If this isn't working the most likely explanation is that there is a bad connection to the USB-C connector, the STUSB4500, or one or more of the TVS diodes is the wrong way round (I initially had all of these problems!).

The program

When the USB cable is connected the STUSB4500 is reset, and the program connects to it via I2C. It first checks that the source supports power delivery; otherwise a message "NO PD" is displayed.

Then the program queries the PD Source to send a list of the power profiles it offers. There can be up to 7, but my program currently only reads the first five, as none of the chargers I investigated offered more than five profiles.

The program then displays a list of the available power profiles on the display, and you can press the Up/Down buttons to highlight the one you want to use.

Finally, pressing the Select button selects the highlighted profile, and displays its details on the display. The green LED also lights up to show that the output is active.

The way the program handles these steps is explained in greater detail in the following sections.

The display

To fit the five power profiles on the 32-pixel high display I designed a compact font based on a 5x5 matrix. It only provides the digits and a few additional characters. For the selected power profile the font is displayed double size, and I've used my smoothing routine, Smooth Big Text, to give smoothed characters.

The SSD1306 display controller doesn't support reading back from the display, so I wrote the display image into a RAM buffer:

// Buffer of 5 lines x 128 characters
uint8_t ScreenBuf[5][128];

I then used a routine UpdateScreen() to refresh the display from the buffer.

A separate routine PlotCursor() displays an arrow cursor at the right-hand edge of the display, for use when selecting a profile.

Initialising the STUSB4500

The STUSB4500 handles the communication with the PD Source, but your program has to decode the information returned from the PD Source.

The information received from the PD Source is made available in a series of status registers, with I2C addresses 0x0D to 0x16. See the STUSB4500 software programming guide for more details. A flag in the ALERT_STATUS register indicates whether each of these status registers has changed.

The InitSTUSB() routine initialises the STUSB4500 by reading each of the status registers, to clear the corresponding flag in the ALERT_STATUS register, and it then programs the ALERT_STATUS_MASK register to specify which registers should cause an interrupt on the Alert output:

void InitSTUSB () {
  // Read status registers to clear flags
  Wire.requestFrom(STUSBAddress, 0x16-0x0D+1);
  for (int i=0; i<0x16-0x0D+1; i++);

  // Only interested in PRT_STATUS_AL alert

The various status registers provide a lot of information available about the USB connection, orientation, etc, but for this project I was only interested in the protocol status register, PRT_STATUS, which specifies when the power profiles have been received from the PD Source. I therefore only enabled this alert in the ALERT_STATUS_MASK register.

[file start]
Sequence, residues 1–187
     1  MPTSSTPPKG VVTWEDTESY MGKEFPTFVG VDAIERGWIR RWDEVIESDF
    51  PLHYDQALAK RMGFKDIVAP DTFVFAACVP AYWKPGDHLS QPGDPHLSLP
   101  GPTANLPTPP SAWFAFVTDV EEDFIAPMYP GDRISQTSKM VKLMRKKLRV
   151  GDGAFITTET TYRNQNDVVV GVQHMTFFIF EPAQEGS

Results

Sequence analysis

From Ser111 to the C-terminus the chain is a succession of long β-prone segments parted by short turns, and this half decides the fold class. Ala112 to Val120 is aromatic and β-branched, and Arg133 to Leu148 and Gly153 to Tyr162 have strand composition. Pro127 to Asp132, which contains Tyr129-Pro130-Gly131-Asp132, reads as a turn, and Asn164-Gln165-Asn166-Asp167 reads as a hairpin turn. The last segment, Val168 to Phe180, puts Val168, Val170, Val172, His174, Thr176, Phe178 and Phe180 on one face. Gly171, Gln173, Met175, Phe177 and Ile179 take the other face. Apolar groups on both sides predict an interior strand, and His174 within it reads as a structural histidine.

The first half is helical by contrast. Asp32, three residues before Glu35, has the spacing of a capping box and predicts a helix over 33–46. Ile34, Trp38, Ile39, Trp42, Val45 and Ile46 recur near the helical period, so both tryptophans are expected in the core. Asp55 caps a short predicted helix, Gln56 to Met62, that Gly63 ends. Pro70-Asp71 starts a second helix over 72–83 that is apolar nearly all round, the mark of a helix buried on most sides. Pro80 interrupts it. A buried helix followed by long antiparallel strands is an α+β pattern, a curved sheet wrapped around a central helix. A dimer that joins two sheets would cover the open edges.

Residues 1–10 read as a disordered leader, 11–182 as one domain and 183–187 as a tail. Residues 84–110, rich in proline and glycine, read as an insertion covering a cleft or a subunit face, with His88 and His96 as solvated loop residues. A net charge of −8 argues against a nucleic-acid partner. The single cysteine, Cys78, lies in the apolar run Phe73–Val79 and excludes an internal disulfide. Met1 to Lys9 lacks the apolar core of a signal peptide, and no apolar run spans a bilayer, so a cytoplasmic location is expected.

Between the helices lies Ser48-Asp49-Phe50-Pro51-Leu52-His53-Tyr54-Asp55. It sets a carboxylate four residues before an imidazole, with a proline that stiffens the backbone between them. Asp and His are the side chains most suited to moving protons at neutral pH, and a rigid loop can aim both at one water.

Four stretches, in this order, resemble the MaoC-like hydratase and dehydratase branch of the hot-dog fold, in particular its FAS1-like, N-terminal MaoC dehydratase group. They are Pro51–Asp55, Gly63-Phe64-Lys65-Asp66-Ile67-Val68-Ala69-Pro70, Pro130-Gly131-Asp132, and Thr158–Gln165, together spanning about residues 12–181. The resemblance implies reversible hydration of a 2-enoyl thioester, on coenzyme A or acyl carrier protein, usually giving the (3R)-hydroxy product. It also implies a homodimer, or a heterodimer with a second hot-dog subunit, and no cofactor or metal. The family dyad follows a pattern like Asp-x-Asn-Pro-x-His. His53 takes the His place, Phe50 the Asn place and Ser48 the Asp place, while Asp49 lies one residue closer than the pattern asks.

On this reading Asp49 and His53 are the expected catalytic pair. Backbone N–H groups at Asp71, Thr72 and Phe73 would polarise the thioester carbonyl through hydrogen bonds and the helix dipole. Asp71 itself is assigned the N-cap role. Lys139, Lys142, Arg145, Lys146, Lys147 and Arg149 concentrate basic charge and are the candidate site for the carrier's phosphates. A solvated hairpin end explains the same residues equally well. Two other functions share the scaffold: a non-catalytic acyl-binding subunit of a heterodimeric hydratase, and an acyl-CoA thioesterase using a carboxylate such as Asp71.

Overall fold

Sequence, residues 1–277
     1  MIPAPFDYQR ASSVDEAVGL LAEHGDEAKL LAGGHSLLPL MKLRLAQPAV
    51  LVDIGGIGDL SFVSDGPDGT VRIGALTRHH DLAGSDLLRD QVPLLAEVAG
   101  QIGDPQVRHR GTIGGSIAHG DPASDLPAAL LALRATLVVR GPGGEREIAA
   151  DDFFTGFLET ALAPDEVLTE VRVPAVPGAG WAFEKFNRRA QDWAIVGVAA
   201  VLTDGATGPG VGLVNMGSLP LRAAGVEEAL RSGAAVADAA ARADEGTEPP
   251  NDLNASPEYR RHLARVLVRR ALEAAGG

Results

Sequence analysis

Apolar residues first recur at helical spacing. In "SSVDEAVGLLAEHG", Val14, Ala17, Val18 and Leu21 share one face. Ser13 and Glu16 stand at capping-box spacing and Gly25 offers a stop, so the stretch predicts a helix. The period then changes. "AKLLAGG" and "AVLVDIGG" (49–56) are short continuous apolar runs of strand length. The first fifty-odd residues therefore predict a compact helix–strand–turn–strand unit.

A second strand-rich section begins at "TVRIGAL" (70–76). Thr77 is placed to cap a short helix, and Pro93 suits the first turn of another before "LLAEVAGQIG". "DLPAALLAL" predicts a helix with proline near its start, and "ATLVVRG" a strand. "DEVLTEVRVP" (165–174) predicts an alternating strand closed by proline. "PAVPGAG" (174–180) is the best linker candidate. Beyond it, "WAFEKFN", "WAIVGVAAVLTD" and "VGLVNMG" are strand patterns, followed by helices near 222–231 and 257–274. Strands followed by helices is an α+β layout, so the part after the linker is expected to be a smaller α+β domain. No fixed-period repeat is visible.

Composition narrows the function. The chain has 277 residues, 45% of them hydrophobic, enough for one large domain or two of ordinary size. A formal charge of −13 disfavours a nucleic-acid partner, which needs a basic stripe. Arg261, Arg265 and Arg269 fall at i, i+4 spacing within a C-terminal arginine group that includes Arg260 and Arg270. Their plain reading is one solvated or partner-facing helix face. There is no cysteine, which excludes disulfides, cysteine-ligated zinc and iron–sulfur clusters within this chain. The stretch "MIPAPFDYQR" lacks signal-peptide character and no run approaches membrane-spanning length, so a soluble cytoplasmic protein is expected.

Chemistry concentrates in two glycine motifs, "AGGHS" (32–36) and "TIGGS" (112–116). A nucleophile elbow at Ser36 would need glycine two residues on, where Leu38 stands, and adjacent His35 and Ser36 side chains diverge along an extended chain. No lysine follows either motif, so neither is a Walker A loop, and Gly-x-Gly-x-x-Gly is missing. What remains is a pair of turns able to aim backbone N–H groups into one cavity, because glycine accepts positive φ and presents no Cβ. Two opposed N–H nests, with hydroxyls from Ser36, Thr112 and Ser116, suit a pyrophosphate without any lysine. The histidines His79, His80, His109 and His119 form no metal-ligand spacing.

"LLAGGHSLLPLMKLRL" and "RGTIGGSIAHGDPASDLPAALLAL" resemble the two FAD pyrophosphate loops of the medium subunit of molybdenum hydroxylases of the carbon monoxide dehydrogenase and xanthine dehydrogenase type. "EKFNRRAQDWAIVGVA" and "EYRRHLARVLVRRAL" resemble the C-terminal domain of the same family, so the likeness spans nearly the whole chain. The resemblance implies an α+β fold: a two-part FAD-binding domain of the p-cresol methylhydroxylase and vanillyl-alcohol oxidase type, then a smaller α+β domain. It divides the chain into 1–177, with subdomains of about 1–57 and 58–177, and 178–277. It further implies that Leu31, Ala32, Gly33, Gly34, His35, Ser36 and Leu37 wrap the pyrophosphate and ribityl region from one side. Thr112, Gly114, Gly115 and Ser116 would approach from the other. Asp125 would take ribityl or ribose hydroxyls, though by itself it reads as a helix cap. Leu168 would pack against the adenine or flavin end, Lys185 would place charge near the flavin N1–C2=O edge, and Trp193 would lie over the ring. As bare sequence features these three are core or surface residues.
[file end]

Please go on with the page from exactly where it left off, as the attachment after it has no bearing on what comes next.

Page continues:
An earlier version of my program used polling to wait until the PD Source had sent the power profiles, and it then read them from the RX_HEADER and RX_DATA_OBJ registers. However, you have to read these registers within about 3ms, as they are overwritten by the next message, so I decided it would be better to use an interrupt service routine to read them. The STUSB4500 Alert output is connected to the PB2 input on the ATtiny1604, and an interrupt is defined on the falling edge of this input:

void AlertEnable () {
  PORTB.PIN2CTRL = PORT_ISC_FALLING_gc;               // Pin change interrupt on PB2

Alert interrupt service routine

Here's the interrupt service routine:

  PORTB.INTFLAGS = PIN2_bm;                           // Clear interrupt flag
  uint8_t alertStatus = ReadRegister(ALERT_STATUS);

  if ((alertStatus & PRT_STATUS_AL) != 0) {
    uint8_t prtStatus = ReadRegister(PRT_STATUS);
    if ((prtStatus & MSG_RECEIVED) != 0) {
      // Read message header
      if (PDHeader.messageType == SOURCE_CAPABILITIES) {
        Objects = PDHeader.objects;
        GotPDs = true;

It performs the following steps:

If the PRT_STATUS_AL flag is set in the ALERT_STATUS register (not strictly necessary, as it's the only alert that can cause an interrupt):

  • Read the PRT_STATUS register.
  • If the MSG_RECEIVED bit is set, it indicates that we've received a message.
  • Read the message header RX_HEADER into the global variable PDHeader by calling ReadHeader().
  • If the messageType field in the header is equal to SOURCE_CAPABILITIES it indicates that this is a source capabilities message containing the PDOs.
  • Set Objects to the number of Source PDOs.
  • Call ReadObjects() to read the first five PDOs from the RX_DATA_OBJ registers into the structure PDObject[5].
  • Set the global variable GotPDOs to true to indicate that we have received the PDOs.

When we've got the power profiles we can disable the Alert interrupt, because we don't need any further information from the PD Source.

Reading the header

The ReadHeader() routine reads the 16-bit header into the global variable PDheader, which is defined as a PDHeader_t bit field:

void ReadHeader () {
  Wire.requestFrom(STUSBAddress, 2);
  PDHeader.bytes[0] =; PDHeader.bytes[1] =;

The most useful fields are PDHeader.messageType, which specifies the type of message, and PDHeader.objects, which gives the number of PDOs received.

Reading the power profiles

The ReadObjects() routine reads the PDOs into the global array PDObject[5], which is defined as a PDO_t bit field: